This cairn, like the wagon road, has multiple lives – it is the materialization of the repeated practice of hiking Moody’s Lookout while at the same time writings on its individual rocks suggest that it is commemorative of the ‘Harrison Hike’ in general.36 While the rocks will remain to remind future students of their significance, their individual messages will fade with time. The rock cairn is what Argounova-Low would call a memory link.37 Embedded in the cairn are the timeless relationships with the human and non-human world that were entwined and played out throughout the ‘Harrison Hike’. Climbing Moody’s Lookout encapsulates the meaning of the ‘Harrison Hike’ to students and teachers alike – while individuals are transformed through the hike it is the collective experience that is remembered most clearly.

So far I have described two very different, though equally significant, accounts where human lives are entangled with the wagon road and its landscape. In a biographical sense these are but two of the many ‘lives’ of the wagon road.38 While these experiences varied in their intensity and materiality they are similar in their transformative nature. For both, the wagon road is catalyst for identity, feelings of belonging and understanding of ones place in the world. While the Stl’atl’limx of the lower Lillooet River Valley, and the Grade 10 students and teachers like Charles Hou, Grant Inkster and George Kozlovic may see the road as holding a place of significance in their lives, one must ask what this ‘significance’ really means.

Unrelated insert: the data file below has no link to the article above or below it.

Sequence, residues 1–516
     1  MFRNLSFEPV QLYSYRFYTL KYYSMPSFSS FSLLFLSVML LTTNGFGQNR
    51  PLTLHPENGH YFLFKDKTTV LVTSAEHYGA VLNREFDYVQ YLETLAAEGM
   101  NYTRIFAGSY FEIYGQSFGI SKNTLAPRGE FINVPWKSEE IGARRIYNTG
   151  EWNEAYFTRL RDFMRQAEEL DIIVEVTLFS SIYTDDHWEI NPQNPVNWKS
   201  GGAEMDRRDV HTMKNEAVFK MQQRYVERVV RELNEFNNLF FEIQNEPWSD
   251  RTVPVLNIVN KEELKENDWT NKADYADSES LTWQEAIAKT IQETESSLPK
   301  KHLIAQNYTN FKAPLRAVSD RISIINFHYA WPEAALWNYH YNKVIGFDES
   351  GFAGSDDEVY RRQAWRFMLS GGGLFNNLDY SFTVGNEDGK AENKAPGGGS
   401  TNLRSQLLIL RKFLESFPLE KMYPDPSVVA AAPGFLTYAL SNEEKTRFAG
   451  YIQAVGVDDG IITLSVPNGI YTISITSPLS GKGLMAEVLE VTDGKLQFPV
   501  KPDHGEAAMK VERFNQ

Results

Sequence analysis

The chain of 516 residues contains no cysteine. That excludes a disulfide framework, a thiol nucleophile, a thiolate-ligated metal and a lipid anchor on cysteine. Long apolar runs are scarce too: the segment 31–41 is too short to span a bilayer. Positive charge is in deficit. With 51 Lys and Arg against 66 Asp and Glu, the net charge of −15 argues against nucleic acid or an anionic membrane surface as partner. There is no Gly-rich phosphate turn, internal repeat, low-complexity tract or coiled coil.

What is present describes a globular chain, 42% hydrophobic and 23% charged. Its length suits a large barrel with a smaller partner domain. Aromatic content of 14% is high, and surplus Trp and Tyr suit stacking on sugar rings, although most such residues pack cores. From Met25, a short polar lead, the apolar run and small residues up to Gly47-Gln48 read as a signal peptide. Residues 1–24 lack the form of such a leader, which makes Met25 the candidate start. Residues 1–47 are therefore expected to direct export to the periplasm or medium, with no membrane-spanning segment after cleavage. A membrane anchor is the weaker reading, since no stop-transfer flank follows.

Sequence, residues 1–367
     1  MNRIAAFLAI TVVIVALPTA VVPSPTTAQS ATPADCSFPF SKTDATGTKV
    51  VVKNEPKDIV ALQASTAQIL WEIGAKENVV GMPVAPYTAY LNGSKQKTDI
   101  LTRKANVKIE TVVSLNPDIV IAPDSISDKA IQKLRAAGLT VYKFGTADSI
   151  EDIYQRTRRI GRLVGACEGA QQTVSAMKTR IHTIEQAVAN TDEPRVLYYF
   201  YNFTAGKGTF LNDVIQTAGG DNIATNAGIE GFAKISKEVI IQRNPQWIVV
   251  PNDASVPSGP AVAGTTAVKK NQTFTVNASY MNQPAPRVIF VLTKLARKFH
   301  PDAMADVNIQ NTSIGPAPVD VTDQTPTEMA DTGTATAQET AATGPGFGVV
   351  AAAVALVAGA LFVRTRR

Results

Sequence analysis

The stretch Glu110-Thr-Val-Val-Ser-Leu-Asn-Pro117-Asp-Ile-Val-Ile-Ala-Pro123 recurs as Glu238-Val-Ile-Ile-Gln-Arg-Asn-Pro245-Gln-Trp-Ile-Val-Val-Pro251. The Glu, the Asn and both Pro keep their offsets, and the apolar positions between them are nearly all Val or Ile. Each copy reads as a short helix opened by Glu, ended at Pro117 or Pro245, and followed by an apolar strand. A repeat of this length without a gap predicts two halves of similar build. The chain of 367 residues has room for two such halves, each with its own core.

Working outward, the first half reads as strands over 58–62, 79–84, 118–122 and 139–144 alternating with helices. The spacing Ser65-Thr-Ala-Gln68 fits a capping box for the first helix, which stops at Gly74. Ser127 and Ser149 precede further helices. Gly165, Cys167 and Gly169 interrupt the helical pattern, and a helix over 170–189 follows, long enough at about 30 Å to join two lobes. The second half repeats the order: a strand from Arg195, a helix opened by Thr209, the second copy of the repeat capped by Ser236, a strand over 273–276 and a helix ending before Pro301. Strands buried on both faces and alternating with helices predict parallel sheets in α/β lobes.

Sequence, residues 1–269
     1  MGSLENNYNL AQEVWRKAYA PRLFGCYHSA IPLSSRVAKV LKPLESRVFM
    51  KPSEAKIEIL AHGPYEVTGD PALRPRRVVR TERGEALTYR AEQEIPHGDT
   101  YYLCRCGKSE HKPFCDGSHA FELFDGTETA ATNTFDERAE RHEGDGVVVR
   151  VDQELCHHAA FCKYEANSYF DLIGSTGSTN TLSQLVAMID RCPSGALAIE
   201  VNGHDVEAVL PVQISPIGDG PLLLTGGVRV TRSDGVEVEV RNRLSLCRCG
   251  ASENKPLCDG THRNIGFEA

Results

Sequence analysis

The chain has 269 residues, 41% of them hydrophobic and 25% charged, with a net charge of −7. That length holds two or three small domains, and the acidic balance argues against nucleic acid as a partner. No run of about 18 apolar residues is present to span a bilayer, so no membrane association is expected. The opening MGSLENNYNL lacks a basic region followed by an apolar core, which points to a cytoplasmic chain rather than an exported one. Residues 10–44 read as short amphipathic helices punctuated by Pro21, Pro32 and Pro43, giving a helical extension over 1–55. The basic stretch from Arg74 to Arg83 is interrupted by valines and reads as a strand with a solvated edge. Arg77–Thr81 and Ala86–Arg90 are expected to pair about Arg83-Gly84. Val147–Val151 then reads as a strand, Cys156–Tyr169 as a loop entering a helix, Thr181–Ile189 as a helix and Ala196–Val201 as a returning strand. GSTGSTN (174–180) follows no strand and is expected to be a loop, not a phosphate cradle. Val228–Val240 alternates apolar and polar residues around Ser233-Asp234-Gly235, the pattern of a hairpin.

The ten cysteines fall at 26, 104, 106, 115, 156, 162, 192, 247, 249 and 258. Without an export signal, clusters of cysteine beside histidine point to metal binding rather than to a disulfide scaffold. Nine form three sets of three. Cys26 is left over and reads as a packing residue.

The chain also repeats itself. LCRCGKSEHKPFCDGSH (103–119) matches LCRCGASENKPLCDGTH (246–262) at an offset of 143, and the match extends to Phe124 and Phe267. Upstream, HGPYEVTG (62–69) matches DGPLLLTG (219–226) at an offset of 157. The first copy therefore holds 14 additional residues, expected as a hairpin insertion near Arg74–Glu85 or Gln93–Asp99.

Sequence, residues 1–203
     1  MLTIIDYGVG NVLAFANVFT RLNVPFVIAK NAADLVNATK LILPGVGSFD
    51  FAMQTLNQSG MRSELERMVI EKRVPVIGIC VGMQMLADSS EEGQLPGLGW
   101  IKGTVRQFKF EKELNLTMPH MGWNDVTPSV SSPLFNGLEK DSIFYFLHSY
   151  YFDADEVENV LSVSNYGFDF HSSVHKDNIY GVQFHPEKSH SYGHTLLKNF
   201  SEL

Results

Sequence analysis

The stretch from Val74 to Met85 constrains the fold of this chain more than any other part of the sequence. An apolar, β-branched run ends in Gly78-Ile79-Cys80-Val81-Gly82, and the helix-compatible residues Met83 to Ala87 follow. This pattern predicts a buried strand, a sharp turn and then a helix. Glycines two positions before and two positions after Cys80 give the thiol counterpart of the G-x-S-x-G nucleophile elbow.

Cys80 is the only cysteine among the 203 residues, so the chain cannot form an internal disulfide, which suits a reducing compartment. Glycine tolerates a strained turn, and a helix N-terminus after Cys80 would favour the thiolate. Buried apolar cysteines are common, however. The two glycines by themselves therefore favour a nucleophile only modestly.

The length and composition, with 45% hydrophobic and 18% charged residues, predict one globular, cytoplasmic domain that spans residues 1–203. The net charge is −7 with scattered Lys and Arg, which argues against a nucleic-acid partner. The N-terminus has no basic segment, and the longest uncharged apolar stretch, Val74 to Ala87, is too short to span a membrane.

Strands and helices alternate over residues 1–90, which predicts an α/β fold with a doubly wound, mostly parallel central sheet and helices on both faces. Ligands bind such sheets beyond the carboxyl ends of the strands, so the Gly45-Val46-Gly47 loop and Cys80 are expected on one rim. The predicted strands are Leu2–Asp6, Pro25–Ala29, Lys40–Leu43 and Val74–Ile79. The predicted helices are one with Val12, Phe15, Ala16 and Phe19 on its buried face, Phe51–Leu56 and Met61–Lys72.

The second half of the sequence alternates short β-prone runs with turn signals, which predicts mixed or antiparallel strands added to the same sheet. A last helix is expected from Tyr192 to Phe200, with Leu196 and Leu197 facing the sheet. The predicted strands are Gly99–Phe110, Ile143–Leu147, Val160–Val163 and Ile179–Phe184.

THE HERITAGE OF THE ‘HERITAGE TRAIL

When Charles Hou and his students arrived to Port Douglas to begin the hike in 1989 they found that the last remains of the Gold Rush past at that site had been bulldozed by a mining company. To protect the wagon road and its associated Gold Rush sites from future harm Hou and his students petitioned the provincial government and rallied public support to have the wagon road given official ‘Heritage Trail’ status. Consequently, the wagon road was awarded this status – the third such trail in the province of British Columbia to be given this designation – in 1991. As a ‘Heritage Trail’ the wagon road was protected under the conditions of the Heritage Conservation Act, management was transferred to the provincial government, and permits became necessary for any forestry practices or development 100 metres to either side of the road.

Even though the wagon road bisects their traditional territory, the Stl’atl’imx of the lower Lillooet River Valley were never consulted by teachers, students or the provincial government about plans for its preservation. While many would have supported preserving the wagon road, this reclassification was a colonial act that prioritised a state-sanctioned concept of heritage over that of the Stl’atl’imx who, for the preceding century had been the de facto users and caretakers of the road.39 However, according to the province of British Columbia a Heritage Trail is one of ‘historical significance’ – in this case it was the Gold Rush or colonial past that made the wagon road ‘legitimate’ or worthy of management and conservation.40